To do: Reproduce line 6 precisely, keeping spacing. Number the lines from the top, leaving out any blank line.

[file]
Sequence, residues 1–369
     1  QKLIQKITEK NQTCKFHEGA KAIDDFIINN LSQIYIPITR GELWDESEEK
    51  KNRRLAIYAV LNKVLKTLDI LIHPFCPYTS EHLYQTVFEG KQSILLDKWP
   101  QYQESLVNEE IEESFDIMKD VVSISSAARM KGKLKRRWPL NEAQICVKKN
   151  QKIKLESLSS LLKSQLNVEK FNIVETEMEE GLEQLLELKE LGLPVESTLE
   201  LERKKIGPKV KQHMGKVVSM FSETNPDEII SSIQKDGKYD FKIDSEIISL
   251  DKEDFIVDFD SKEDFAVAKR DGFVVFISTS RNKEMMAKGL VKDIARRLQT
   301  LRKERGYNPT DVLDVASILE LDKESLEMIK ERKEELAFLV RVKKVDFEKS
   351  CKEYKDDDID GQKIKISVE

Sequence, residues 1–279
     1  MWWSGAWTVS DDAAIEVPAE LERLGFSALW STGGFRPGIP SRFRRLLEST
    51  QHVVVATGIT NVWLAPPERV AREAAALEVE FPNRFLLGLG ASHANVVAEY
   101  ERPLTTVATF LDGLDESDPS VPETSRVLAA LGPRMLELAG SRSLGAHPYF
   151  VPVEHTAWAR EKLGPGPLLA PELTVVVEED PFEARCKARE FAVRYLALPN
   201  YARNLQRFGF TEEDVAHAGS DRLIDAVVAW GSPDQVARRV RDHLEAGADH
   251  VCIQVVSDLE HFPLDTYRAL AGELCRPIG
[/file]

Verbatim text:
   201  LERKKIGPKV KQHMGKVVSM FSETNPDEII SSIQKDGKYD FKIDSEIISL